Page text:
Age- and Ethanol Concentration-Dependent Effects of Acute Binge Drinking in the HIV-1 Transgenic Rat

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Abstract

Background

Binge drinking is common in young people. Alcoholic beverages vary significantly in their ethanol (EtOH) concentration (alcohol by volume). We previously showed EtOH concentration-dependent activation of the hypothalamic supraoptic nucleus. In the HIV-infected population, incidence of alcohol abuse is close to 50%. We found age-dependent expression of HIV-1 viral proteins in the HIV-1 transgenic (HIV-1Tg) rat. Thus, we hypothesized that there are age- and EtOH concentration-dependent effects of binge drinking in HIV-1-positive individuals.

Methods

Blood ethanol concentration was measured in adult F344 rats after gavage (i.g.) administration of water, 20% EtOH, or 52% EtOH. We also compared expression of the HIV-1 viral protein Tat in the brain, spleen, and liver of adult and adolescent HIV-1Tg rats following binge i.g. administration of water, 20% EtOH, or 52% EtOH for 3 days (4.8 g/kg/d) using absolute quantitative real-time reverse transcription-polymerase chain reaction. In a parallel study, we assessed age-dependent motor function in the HIV-1Tg rats 1 day after exposure to 20% EtOH using the open-field test.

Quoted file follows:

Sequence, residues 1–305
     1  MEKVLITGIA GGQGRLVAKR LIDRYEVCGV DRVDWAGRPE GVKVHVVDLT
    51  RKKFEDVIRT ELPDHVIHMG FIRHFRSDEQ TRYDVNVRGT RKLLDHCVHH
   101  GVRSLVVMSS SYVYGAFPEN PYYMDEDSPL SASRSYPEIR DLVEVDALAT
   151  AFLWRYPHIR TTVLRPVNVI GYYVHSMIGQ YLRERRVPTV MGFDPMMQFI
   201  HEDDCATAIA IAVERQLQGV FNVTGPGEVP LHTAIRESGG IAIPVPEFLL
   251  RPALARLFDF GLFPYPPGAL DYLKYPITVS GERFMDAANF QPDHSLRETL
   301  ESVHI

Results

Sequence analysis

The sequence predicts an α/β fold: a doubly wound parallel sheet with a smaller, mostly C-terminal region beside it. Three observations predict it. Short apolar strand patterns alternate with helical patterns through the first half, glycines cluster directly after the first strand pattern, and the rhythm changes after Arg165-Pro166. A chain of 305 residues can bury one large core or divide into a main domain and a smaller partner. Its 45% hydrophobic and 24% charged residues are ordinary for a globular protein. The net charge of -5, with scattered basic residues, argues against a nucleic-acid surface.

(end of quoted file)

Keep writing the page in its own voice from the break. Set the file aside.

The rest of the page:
Results

Blood ethanol concentration was significantly higher in the 52% EtOH-treated F344 rats compared to the 20% EtOH animals at 90 minutes posttreatment. In the adult HIV-1Tg rats, HIV-1 Tat expression (copies per microgram of total RNA) was significantly increased in the brain, liver, and spleen of the 52% EtOH group, but not in the 20% EtOH group. However, in the adolescent animals, HIV-1 Tat expression in the 52% EtOH group was increased in the brain and liver, but not in the spleen. A significant reduction in locomotor activity occurred in 20% EtOH-treated adult HIV-1Tg rats compared to the water control, although no difference was observed in the adolescent HIV-1Tg animals.

Conclusions

Our data indicate that binge alcohol drinking can have age- and EtOH concentration-dependent effects in the presence of HIV-1 infection.

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